4. Detailed Realist Style of Painting
Dutch Realists used a form of detailed realism which derived from 15th century Flemish painting - in particular from works by Jan van Eyck (1390-1441), such as the secular "The Arnolfini Portrait" (1434). In addition, some realists were influenced by the naturalism of Caravaggio (1571-1610). In the composition of their oils, Dutch painters demonstrated a clear mastery of linear perspective, as exemplified in works by Samuel van Hoogstraten (1627-78), such as "A View Down a Corridor" (1662, Dyrham Park, UK).
Another important characteristic of Dutch Realist painting concerns the representation of light, a feature that was handled quite differently by different artists. Rembrandt, for example, was greatly influenced by the chiaroscuro and tenebrism popularized by Caravaggism (c.1600-50). Vermeer, on the other hand, was interested in the effect of natural light and reflected light, from glittering reflections on metallic vessels or from white-washed walls. Unlike Rembrandt's dramatic use of light and shadow, Vermeer's treatment of light takes on an almost pearly veneer - an effect he obtained by a method known as "pointillé", in which layers of granular paint are applied to give a transparent effect.
5. Discreet but Pervasive Piety
Although there was no "official" market for Christian art, as the Dutch Reformed Church forbad the decoration of churches, Dutch Realist painting is characterized by a discreet but pervasive religious piety. Dutch paintings were full of moral urgings based on subtle references to the Bible, and to religious symbolism. The most obvious form of this can be seen in the type of still life known as Vanitas Painting, as illustrated by "Allegory of the Vanities of Human Life" (1640, National Gallery, London) by Harmen van Steenwyck. Portraiture, too, was replete with Biblical references. A wonderful example is Vermeer's "Girl with a Pearl Earring" (Head of a Girl with a Turban)". This masterpiece was based on words by the mystic St Francis De Sales (1567-1622) to the effect that women should hear only chaste words - the "oriental pearls of the gospel." Hence the pearl earring (which symbolizes chastity) and the turban (which symbolizes the "oriental"). (Note: for a comparison with the art of Catholic Flanders, see Flemish Baroque art.)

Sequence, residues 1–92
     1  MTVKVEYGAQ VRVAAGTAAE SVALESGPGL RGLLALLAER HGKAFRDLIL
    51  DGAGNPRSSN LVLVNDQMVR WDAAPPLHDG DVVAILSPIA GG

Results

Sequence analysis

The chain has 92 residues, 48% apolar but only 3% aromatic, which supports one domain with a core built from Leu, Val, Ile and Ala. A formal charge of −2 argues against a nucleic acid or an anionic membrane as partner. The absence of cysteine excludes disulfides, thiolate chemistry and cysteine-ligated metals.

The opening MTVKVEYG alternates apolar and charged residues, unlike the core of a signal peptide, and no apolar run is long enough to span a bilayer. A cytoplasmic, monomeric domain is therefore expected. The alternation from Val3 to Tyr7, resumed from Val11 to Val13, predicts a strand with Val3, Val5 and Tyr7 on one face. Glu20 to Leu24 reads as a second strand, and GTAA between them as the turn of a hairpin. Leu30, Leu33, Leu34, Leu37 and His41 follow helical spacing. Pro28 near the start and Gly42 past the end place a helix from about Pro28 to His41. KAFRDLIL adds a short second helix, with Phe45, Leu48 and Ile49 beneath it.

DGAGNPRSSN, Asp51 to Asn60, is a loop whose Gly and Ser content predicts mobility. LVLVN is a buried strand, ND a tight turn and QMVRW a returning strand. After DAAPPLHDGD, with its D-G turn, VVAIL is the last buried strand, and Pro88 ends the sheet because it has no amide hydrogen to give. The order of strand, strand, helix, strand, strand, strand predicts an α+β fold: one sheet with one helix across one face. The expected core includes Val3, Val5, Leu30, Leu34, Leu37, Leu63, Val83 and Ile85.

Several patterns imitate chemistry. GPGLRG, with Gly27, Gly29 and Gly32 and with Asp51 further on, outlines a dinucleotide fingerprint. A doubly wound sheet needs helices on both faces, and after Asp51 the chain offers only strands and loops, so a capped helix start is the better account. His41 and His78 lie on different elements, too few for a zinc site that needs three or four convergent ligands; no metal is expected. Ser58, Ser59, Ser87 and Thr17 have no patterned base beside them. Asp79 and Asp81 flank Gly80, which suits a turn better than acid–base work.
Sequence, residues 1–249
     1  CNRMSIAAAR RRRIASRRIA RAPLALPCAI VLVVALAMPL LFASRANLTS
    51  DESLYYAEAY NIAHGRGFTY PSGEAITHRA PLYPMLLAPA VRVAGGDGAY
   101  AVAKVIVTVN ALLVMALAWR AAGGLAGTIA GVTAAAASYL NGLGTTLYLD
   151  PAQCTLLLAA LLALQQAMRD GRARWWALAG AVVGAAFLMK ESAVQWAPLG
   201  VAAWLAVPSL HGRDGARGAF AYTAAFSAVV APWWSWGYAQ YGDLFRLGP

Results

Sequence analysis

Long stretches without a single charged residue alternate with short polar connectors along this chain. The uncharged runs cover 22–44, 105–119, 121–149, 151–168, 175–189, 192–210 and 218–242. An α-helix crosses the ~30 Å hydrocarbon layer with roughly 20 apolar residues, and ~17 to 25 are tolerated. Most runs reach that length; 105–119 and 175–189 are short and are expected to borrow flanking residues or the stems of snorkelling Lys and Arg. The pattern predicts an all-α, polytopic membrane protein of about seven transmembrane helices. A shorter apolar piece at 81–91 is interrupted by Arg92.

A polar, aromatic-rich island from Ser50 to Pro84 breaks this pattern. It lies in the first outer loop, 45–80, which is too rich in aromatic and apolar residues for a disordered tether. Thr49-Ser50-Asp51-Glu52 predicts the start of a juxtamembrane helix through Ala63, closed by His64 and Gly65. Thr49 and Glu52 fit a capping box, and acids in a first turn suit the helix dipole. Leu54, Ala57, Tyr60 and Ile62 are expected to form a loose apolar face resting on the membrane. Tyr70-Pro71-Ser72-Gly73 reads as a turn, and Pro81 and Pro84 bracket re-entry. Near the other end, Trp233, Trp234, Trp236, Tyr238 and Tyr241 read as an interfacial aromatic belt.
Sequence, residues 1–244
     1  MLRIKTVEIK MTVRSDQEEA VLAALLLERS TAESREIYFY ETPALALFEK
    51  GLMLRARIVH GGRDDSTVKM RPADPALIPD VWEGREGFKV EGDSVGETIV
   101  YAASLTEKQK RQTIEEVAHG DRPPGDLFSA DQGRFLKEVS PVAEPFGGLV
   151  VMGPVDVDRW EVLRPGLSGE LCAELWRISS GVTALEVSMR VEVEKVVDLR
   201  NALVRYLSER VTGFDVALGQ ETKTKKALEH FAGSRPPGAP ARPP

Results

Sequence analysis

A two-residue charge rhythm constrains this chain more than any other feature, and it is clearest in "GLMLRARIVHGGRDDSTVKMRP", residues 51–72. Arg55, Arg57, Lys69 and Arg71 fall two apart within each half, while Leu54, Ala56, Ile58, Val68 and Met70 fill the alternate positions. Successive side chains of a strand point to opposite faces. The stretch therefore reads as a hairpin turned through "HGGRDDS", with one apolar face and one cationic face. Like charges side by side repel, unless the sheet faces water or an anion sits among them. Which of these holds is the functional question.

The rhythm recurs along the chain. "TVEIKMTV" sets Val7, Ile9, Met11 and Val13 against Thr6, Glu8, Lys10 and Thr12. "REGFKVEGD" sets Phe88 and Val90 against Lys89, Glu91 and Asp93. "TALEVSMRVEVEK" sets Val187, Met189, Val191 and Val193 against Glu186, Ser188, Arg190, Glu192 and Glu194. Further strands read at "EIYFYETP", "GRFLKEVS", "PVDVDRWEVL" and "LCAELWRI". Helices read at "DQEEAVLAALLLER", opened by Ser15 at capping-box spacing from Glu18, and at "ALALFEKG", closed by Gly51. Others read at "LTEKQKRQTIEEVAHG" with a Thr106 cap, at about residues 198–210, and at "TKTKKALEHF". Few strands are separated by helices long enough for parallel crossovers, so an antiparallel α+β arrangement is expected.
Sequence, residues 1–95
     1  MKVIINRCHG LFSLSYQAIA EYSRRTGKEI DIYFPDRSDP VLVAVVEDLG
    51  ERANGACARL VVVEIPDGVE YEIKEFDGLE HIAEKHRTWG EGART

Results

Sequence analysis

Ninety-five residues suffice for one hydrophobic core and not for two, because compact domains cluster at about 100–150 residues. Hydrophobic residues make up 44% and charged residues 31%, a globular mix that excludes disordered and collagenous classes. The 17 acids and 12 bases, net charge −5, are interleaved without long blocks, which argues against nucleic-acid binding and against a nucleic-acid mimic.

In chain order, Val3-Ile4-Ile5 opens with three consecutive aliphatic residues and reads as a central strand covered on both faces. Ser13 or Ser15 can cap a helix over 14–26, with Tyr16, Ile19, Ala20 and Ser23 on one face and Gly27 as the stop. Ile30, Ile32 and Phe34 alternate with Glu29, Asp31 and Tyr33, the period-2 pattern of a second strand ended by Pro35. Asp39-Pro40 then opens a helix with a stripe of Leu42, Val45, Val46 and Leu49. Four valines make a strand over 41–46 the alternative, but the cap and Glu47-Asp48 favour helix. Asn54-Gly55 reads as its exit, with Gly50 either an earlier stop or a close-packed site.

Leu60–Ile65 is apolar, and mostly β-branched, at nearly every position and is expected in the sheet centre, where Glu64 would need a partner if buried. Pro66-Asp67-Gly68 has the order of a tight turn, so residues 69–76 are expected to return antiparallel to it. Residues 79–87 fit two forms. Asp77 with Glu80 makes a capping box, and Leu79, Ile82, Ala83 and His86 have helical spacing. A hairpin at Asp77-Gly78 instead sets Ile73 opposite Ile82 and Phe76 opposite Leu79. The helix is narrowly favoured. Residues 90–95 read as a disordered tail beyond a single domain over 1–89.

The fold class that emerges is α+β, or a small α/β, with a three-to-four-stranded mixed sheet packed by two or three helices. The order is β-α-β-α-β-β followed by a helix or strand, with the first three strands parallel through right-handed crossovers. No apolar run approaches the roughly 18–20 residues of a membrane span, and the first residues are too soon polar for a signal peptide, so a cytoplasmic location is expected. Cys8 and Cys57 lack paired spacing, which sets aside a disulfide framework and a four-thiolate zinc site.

As well as still lifes and portraits, the bulk of Dutch Realist genre painting contains a variety of moral lessons taken from the Bible. The category of "tavern scenes" - a genre exemplified in works by Adriaen Brouwer (1605-38), Adriaen van Ostade (1610-85) and David Teniers the Younger (1610-90) - provided a wealth of advice against drunkenness and self-indulgence, while works by Jan Steen cover a wider area still. Vermeer articulated his messages in a series of sublime interiors. For example, in his "Woman Holding a Balance" the empty weighing scale indicates that the subject is depicted weighing spiritual rather than material considerations. She is utterly serene in the self-knowledge that the righteous approach is to lead a life of moderation.
The greatest portrait paintings of the Dutch Realist school include:
Vermeer, Jan (1632-75)
The best still-life oils include:
Heda, Willem Claesz (1594-1681)
Jan Davidsz de (1606-83)
Kalf, Willem (1619-93)
The greatest genre paintings of the Dutch Realist school include:
Steenwyck, Harmen (1612-56)
Brouwer, Adriaen (1605-38)
Dou, Gerrit (1613-75)
Gerrit van (1592-1656)
Pieter de (1629-83)
Hoogstraten, Samuel Van (1627-78)
Maes, Nicolas (1634-93)
Ostade, Adriaen van (1610-85)
Steen, Jan (1625-79)
Teniers, David the Younger (1610-90)
Vermeer, Jan (1632-75)
Jacob Van (1628-82)
Vermeer, Jan (1632-75)
Hooch, Pieter de (1629-83)
Honthorst, Gerrit van (1590-1656)
For more about 17th century oil painting in Holland, see: Homepage.
ENCYCLOPEDIA OF ART HISTORY